Environment Canada says it’s not about how cold it is, but how long this wave of frigid air will stay around that’s unusual.
Meteorologist Alexandre Parent said Wednesday the big chill is affecting the Prairies, Ontario and western Quebec and was to spread into the Maritimes.
But Nova Scotia was already dealing with a winter weather system that snapped hydro poles and knocked out electricity for thousands.
The province’s utility was working Wednesday to complete restoration of power, mainly on the province’s south shore.
The Christmas morning storm delivered gusts that clocked over 100 kilometres per hours in some areas.
Parent said northern Ontario was being hardest hit with the current cold snap, with temperatures expected to feel like -50 C with the wind chill in some places.
“The size of this cold wave in terms of geographical distribution is quite exceptional for this early in the winter season.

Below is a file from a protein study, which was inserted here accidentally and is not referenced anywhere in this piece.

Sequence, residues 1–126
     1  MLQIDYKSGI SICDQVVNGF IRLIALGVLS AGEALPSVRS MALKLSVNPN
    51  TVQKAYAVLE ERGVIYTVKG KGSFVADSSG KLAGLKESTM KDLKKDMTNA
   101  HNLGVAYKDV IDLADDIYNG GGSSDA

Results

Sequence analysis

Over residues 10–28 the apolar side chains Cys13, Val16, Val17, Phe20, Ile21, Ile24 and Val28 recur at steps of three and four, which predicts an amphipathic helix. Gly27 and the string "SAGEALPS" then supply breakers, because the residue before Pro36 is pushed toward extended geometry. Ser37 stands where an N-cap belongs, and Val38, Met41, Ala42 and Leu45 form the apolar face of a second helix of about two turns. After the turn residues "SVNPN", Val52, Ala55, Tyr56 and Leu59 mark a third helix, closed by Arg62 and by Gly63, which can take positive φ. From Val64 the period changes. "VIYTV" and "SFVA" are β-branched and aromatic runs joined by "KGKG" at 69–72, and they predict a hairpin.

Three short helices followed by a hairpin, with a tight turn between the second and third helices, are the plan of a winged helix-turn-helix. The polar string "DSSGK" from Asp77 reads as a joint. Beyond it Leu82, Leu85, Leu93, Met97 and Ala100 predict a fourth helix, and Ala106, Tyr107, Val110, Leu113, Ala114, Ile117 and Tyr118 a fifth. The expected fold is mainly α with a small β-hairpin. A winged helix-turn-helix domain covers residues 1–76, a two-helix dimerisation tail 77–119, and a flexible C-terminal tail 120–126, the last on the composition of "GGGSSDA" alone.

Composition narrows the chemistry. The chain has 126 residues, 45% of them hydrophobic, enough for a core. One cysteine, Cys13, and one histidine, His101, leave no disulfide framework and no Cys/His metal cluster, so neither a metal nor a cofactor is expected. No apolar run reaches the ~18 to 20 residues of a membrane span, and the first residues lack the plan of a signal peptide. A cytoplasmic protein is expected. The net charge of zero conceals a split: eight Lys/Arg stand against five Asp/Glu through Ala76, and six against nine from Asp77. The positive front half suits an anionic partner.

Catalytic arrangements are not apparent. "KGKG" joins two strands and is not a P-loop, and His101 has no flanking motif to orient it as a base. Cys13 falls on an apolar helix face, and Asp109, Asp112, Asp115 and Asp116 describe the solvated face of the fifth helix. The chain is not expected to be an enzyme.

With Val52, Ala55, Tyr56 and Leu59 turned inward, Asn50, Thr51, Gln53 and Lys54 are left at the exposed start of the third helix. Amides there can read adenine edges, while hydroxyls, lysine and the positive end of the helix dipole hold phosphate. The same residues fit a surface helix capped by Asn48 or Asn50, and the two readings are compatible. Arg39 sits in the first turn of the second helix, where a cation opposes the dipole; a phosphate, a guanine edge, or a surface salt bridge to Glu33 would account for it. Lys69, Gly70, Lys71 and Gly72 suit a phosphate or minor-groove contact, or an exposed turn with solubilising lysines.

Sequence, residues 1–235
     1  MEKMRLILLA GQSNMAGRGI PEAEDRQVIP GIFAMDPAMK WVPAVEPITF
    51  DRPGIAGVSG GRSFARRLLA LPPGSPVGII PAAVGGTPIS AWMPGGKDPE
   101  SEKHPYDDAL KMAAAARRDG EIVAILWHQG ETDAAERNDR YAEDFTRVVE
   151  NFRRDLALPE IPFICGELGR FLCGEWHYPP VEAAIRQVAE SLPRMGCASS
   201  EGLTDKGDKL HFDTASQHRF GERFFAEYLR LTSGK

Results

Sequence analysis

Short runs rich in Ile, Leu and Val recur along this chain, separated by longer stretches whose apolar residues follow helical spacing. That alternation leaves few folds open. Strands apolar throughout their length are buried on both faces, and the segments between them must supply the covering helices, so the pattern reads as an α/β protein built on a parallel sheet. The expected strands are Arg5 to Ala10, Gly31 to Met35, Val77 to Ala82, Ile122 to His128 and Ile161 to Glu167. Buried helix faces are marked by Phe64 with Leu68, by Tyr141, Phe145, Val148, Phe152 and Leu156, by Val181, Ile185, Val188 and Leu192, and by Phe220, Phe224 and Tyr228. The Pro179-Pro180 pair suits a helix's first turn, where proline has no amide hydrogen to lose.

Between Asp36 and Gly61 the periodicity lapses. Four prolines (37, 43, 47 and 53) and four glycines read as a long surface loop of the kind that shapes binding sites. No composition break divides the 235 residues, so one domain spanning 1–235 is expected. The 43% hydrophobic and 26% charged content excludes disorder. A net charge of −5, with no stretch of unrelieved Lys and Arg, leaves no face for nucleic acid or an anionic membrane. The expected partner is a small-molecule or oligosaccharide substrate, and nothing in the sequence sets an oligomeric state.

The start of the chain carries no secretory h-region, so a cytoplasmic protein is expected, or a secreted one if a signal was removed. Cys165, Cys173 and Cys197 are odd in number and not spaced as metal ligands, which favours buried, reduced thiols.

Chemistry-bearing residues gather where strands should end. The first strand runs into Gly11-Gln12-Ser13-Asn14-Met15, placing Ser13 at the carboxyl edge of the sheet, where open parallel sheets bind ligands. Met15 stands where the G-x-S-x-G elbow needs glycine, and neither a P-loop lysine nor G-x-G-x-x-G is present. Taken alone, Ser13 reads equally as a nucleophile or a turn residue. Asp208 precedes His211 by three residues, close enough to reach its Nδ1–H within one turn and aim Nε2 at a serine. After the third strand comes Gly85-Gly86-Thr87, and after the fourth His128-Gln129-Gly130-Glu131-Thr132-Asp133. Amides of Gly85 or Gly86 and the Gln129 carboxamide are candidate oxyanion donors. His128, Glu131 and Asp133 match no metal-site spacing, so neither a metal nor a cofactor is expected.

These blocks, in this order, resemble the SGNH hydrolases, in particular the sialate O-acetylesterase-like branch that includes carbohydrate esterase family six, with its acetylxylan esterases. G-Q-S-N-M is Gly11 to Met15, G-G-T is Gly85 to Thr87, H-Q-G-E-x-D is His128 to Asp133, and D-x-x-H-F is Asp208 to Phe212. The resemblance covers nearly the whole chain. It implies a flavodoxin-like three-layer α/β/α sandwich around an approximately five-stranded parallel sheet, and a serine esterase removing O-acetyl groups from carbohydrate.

“What’s also exceptional is the duration of this episode,” he said, noting that the extreme cold weather could hang over Quebec for the next seven days.
The weather specialist said he had to go back to 1993 to find a similar cold spell between Christmas and Jan 1.
Temperatures were colder then, but the extreme cold didn’t stay around for long.
“The last few years we had one or two days of cold weather, but usually those were compensated by a few days near zero which is not the case this year,” Parent said.
“It’s the span of days with ten to fifteen degrees below normal which are exceptional.”
A 77-year-old man died from hypothermia Tuesday after leaving his vehicle following a crash in Hamilton, police said.
In Nova Scotia, Wednesday’s weather forecast predicted wind chill values between minus 26 and minus 30 Celsius, and between minus 30 and minus 35 in New Brunswick.
The cold conditions were expected to stick around until the weekend.
Meanwhile, residents of northern and western New Brunswick were still digging out after the Christmas Day storm.
Environment Canada said Bathurst recorded 46 centimetres of snow while Northampton, just south of Woodstock, picked up 38 centimetres.
Much of Newfoundland and Labrador was under wind or blizzard warnings on Wednesday